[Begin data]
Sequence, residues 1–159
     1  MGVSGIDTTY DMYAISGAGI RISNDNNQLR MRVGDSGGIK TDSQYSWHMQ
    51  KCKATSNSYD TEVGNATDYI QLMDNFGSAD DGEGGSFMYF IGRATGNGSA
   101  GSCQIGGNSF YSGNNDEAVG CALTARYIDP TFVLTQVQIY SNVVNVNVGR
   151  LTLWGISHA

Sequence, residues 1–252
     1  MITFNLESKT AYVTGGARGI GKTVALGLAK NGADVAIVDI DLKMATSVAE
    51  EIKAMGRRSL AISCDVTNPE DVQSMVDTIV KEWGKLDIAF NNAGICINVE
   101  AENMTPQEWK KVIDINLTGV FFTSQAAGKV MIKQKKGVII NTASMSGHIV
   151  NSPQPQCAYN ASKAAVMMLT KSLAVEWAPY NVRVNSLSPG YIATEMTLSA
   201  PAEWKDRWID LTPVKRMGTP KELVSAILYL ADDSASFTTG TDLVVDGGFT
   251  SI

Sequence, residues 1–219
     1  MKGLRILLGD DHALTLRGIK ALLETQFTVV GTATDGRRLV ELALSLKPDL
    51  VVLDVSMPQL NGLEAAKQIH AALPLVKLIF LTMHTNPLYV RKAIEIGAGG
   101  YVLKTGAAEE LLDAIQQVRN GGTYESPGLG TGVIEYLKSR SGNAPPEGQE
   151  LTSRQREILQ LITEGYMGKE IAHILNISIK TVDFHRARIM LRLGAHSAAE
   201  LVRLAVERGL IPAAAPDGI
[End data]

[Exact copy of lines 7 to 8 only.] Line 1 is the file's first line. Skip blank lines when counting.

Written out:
     1  MITFNLESKT AYVTGGARGI GKTVALGLAK NGADVAIVDI DLKMATSVAE
    51  EIKAMGRRSL AISCDVTNPE DVQSMVDTIV KEWGKLDIAF NNAGICINVE